Busta Rhymes Posts Tribute For The Late Phife Dawg

When legends pass on it affects an immeasurable number of people who grieve in a variety of ways. When Phife Dawg, a founding member of A Tribe Called Quest and cornerstone of hip-hop, passed away this past week from diabetes, fans and colleagues did just that. A traffic reporter cleverly dropped Phife mentions in his broadcast, Scott Van Pelt told a tale of them performing together on his ESPN show and The New Day, a charismatic trio of WWE Superstars, even referenced “Can I Kick It?” while performing in Brooklyn on Monday.

While all of these surely tug at heartstrings, they can’t really compare to the statements made by people who were close to Phife. While his Instagram currently holds multiple tributes to the Five Foot Assassin, Busta Rhymes posted a touching message about his relationship with Phife Dawg late last week.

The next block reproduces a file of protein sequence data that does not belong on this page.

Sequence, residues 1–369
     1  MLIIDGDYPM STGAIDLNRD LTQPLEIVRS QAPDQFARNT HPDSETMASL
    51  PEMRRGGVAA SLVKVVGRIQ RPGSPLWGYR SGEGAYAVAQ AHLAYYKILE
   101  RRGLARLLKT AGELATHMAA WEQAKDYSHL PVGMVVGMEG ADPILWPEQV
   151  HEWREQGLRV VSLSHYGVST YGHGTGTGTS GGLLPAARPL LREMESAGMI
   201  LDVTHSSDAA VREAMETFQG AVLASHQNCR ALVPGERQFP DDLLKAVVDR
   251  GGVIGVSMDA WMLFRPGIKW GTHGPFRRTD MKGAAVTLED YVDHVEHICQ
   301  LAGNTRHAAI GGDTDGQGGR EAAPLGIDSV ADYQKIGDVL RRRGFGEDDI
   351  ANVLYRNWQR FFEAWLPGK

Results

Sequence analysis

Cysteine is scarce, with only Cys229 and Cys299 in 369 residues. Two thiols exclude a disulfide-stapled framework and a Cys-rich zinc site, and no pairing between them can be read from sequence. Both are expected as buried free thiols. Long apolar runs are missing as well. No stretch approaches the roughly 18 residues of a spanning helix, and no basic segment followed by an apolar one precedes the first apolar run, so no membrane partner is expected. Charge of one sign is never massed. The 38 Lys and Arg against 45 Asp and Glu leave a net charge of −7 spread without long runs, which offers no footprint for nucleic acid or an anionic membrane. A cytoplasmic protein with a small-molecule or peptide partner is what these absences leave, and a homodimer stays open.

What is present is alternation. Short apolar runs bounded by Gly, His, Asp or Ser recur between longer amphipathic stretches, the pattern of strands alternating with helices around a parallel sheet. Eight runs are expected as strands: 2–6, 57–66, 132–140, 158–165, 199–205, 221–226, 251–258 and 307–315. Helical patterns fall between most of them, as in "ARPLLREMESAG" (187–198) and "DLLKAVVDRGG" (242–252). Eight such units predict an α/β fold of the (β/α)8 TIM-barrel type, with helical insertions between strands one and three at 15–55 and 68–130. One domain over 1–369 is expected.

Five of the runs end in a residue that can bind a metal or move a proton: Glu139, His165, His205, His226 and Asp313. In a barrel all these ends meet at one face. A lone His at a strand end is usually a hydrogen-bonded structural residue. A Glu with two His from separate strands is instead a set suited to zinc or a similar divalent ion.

White Students Learn “The Streets” at the University

Folks in the ghetto always watch the careless: any opportunity to exploit small mistakes gets the observant ahead. The ghetto mindset transmits through an exclusive circle of students. Doctrines of this knowledge—what we call “street smarts”—may not be known by the average white person. Such may be the case because a majority of the white population lives in relatively comfortable environments. A kid growing up in the ghetto cannot believe how loosely his suburban friend’s door swings open. However, due to the placement of prominent universities in the country’s worst ghettoes, white students are finally receiving the knowledge of the ghetto.